prev sibling parent reply Adam D. Ruppe <destructionator gmail.com> writes:
On Tuesday, 4 February 2020 at 18:41:20 UTC, jmh530 wrote:
 Under the addendum proposal, is it also the case that functions 
 that take strings or printf can instead take the interpolated 
 string?
That would depend on the druntime implementation. I think my preference would be it implicitly casts to string and const char* if and only if all format specifiers are given by the user. I just wrote up a revised DIP based on Walter's to detail my current thoughts: https://gist.github.com/adamdruppe/a58f097d974b364ae1cbc8c050dd9a3f and wow that took like 3 hours. I have other things to do now so I haven't proofread it yet, but it basically explains what I'm feeling is ideal based on this thread with a couple small new ideas (like the `idup` overload that replaces my old `toString` proposal) But the executive summary is 1) Steven's proposal from earlier, but with `Format.init` changed to `Format(null)`. Same result now but easier to add another argument in the future if we decide to extend this. 2) A sample library implementation you can play with. You'll have to write out the lowering by hand though since I didn't do a mixin translator this time. 3) A couple use cases and benefit examples written up. I also want to mention i18n but I ran out of time like two hours ago so bleh. 4) Most Walter's limitations are eliminated and I cleaned up some of the language (like that MixinExpression) one too. I got more into the implementation weeds than I probably should have but with that you can see more clearly in exact detail what behavior I am envisioning.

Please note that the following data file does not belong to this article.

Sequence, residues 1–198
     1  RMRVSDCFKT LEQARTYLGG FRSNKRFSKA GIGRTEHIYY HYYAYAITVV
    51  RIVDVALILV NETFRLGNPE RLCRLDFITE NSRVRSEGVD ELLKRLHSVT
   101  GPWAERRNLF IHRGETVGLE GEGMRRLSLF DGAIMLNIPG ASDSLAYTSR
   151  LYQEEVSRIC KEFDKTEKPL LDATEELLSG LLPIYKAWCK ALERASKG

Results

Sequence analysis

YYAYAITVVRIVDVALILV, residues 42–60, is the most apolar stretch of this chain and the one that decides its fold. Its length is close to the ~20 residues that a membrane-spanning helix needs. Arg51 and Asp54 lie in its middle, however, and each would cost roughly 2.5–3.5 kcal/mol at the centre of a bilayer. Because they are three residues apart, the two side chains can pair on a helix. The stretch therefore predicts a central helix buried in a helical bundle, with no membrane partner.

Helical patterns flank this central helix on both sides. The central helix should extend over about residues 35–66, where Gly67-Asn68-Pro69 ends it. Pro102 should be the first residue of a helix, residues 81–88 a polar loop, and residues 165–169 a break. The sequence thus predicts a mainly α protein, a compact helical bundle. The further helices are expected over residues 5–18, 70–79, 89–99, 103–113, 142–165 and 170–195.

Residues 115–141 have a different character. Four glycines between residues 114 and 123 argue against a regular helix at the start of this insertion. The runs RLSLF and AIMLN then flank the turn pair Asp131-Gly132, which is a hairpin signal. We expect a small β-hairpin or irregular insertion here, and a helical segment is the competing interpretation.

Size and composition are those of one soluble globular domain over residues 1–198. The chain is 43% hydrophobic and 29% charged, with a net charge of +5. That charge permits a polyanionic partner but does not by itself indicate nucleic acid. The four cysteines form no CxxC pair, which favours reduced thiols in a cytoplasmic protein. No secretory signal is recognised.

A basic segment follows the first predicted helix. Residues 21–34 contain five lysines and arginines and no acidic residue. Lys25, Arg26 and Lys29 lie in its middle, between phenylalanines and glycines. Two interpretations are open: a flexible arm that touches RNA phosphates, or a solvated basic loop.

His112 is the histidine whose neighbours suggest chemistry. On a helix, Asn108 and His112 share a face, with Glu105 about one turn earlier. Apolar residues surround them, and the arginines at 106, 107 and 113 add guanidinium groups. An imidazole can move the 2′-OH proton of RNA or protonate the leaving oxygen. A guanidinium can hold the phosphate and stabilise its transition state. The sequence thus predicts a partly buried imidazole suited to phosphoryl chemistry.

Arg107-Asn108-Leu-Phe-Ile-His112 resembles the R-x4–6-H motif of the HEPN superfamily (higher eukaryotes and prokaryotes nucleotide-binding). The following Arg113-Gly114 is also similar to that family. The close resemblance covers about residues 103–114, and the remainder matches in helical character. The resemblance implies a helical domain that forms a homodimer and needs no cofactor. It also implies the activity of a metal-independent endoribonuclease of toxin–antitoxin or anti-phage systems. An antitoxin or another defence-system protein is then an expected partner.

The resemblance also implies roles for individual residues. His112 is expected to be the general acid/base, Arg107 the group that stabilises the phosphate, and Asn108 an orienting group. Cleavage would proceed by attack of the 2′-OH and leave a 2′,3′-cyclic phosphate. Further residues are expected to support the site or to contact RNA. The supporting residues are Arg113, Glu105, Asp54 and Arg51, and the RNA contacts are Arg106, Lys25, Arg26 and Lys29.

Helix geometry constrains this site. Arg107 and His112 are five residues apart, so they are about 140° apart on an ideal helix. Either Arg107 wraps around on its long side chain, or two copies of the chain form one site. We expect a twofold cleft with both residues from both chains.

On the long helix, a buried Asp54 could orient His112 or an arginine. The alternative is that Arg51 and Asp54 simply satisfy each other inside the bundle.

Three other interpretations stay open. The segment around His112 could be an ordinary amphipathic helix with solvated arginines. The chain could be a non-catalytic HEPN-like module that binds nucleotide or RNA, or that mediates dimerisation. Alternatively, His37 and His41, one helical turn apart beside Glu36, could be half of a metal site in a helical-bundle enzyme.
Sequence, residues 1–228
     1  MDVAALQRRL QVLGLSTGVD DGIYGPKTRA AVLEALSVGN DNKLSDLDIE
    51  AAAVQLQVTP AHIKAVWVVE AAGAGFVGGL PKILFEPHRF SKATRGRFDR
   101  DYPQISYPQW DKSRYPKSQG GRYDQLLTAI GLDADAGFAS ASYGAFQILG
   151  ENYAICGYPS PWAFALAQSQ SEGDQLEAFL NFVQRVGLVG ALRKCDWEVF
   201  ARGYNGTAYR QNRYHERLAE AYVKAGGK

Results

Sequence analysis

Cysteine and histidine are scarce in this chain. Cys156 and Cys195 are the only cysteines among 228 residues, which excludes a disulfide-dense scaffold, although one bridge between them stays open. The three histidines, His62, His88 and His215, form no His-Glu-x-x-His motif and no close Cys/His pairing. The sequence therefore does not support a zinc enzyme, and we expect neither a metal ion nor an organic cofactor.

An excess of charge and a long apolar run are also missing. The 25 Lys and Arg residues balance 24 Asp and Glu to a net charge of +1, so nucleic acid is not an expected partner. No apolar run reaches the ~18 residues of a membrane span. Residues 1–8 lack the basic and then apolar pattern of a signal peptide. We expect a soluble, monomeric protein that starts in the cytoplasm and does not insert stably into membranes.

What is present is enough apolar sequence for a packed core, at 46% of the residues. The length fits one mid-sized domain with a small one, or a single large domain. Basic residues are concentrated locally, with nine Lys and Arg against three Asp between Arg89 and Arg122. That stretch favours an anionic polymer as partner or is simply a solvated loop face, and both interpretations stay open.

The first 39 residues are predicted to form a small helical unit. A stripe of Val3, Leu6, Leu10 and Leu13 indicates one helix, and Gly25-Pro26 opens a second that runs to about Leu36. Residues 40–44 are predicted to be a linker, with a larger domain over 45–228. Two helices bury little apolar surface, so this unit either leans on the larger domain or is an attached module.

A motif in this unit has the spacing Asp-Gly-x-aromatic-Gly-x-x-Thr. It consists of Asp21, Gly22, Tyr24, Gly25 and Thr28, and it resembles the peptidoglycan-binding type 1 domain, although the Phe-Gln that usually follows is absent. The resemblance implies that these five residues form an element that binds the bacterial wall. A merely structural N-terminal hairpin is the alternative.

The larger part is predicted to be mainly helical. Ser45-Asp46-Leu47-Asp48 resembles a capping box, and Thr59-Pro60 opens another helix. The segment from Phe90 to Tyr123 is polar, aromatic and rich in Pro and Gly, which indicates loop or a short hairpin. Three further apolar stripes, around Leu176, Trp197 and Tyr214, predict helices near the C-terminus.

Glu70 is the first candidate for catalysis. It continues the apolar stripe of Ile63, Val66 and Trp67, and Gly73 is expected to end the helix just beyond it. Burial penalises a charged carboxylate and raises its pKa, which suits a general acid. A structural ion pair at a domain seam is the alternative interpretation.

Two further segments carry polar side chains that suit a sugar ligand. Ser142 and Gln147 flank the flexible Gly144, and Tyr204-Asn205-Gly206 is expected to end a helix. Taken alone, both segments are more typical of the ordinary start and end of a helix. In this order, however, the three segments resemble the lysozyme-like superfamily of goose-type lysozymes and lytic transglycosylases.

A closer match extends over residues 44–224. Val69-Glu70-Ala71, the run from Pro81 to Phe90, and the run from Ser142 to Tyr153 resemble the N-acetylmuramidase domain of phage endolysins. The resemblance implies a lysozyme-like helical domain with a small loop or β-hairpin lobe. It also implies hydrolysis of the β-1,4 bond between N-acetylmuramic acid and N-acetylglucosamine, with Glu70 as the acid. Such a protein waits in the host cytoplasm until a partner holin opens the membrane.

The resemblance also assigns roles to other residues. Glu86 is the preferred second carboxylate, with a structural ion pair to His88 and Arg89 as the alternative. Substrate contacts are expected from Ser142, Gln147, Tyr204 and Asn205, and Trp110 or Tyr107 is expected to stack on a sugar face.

Feb 04
next sibling parent reply Jonathan Marler <johnnymarler gmail.com> writes:
On Tuesday, 4 February 2020 at 23:03:45 UTC, Adam D. Ruppe wrote:
 On Tuesday, 4 February 2020 at 18:41:20 UTC, jmh530 wrote:
 [...]
That would depend on the druntime implementation. I think my preference would be it implicitly casts to string and const char* if and only if all format specifiers are given by the user. [...]
Thanks for doing this work Adam. Especially knowing that it will likely be dismissed by the leadership, with a sentence or two of explanation :) In my opinion, your DIP is the right way to do interpolated strings in D.
Feb 04
parent Adam D. Ruppe <destructionator gmail.com> writes:
On Wednesday, 5 February 2020 at 02:44:53 UTC, Jonathan Marler 
wrote:
 In my opinion, your DIP is the right way to do interpolated 
 strings in D.